My main research interest is into high strain rate properties of a wide range of materials, both inert and energetic. To do this a number of techniques are used: Drop-weight, Hopkinson Bar, Taylor Impact, Plate Impact. The development of novel high-speed diagnostics and analysis methods is a long-term area. I am particularly interested in those materials which show a strongly non-linear behaviour in response, porous, granular, biological or composite.
I have strong research links to the Royal British Legion Centre for Blast Injury Studies and currently chair the IOP Group 'Shock Wave and Extreme Conditions'.
My research areas tend to be described as 'multi-disciplinary' generally on the areas involving Physics, Chemistry, Bio-sensors and Materials Science.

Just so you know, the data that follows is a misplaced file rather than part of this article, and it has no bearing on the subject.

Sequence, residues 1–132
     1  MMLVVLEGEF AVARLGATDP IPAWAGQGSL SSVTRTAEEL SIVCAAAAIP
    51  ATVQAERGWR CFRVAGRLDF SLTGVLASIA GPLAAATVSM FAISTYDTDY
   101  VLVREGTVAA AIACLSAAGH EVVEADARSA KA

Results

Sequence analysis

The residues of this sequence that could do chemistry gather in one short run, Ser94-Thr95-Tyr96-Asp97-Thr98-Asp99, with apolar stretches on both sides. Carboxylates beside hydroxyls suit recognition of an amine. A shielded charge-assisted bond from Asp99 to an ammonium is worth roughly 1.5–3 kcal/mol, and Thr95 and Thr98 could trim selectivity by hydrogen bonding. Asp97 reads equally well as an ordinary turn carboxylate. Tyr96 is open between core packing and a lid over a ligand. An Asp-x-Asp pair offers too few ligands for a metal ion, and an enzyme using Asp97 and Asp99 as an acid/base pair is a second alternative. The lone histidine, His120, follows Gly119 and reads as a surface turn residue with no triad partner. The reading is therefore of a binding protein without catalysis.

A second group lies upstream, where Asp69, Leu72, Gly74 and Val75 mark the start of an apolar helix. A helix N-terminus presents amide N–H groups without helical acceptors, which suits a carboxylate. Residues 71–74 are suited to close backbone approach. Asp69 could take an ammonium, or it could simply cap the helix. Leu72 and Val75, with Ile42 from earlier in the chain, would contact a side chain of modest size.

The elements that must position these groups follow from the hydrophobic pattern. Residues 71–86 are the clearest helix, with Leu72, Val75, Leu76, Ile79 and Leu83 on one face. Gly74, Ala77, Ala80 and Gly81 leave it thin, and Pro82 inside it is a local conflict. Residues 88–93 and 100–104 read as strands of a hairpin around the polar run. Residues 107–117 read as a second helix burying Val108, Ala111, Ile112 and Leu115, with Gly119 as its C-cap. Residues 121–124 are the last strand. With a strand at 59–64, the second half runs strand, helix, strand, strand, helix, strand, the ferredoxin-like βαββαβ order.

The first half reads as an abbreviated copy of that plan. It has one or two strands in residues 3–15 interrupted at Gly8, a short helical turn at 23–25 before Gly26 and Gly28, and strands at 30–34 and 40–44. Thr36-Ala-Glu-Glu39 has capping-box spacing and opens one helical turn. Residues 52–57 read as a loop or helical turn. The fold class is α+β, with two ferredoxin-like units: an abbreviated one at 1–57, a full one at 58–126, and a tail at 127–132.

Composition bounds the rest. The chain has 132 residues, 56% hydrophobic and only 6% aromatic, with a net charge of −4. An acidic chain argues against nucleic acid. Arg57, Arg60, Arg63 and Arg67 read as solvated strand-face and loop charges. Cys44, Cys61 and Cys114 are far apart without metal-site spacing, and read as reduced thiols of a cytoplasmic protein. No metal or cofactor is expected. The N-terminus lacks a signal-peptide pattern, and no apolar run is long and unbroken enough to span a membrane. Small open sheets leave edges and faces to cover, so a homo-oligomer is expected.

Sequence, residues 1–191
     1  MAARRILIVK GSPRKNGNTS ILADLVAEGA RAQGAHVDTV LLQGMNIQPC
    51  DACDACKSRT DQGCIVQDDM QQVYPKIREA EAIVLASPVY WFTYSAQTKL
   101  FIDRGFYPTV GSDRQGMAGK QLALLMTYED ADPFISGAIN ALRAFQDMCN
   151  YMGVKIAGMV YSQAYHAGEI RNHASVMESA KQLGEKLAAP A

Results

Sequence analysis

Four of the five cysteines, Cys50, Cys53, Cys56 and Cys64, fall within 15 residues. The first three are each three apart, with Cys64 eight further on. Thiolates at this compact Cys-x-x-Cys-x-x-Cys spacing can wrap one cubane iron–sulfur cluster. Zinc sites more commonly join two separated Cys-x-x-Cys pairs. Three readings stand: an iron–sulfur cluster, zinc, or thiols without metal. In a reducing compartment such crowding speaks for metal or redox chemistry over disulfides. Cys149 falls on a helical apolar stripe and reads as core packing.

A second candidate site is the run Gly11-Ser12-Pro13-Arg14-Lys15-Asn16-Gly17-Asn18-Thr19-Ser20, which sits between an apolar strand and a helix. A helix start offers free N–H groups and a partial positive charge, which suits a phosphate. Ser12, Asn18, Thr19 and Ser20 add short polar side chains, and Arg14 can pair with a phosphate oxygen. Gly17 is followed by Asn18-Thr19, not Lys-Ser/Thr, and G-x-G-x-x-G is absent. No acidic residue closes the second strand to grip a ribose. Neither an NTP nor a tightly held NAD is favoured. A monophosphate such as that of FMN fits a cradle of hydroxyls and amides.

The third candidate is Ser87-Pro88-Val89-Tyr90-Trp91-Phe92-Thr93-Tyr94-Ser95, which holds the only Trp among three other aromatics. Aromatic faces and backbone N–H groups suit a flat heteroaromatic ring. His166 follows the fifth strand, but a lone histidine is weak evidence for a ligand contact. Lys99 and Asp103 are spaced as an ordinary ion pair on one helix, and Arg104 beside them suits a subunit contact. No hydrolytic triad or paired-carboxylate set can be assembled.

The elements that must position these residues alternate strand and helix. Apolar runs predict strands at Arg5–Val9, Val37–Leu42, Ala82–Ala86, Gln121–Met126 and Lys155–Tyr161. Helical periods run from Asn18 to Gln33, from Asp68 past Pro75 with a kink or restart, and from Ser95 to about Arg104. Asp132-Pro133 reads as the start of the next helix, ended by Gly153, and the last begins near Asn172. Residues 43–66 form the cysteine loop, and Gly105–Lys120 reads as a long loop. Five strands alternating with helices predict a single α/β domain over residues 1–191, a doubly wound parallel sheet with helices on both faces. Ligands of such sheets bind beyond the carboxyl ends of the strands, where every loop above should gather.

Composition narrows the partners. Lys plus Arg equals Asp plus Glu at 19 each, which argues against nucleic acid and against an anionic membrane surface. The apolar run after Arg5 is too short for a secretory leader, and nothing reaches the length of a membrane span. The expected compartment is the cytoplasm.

et al., 2019, Tensile behavior and structural characterization of pig dermis, Acta Biomaterialia, Vol:86, ISSN:1742-7061, Pages:77-95
et al., 2019, Experimental platforms to study blast injury, Journal of the Royal Army Medical Corps, Vol:165, ISSN:2052-0468, Pages:33-37
Magnus D, Khan MA, Proud WG, 2018, Epidemiology of civilian blast injuries inflicted by terrorist bombings from 1970-2016, Defence Technology, Vol:14, ISSN:2214-9147, Pages:469-476
et al., Fragment Penetrating Injury to the tibia, Personal Armour Systems Symposia 2018
et al., 2018, Comparative quasi-static mechanical characterization of fresh and stored porcine trachea specimens, 12th International Conference of the European-Association-for-the-Promotion-of-Research-into-the-Dynamic-Behaviour-of-Materials-and-its-Applications (DYMAT-Association), SPRINGER HEIDELBERG, Pages:55-60, ISSN:1951-6355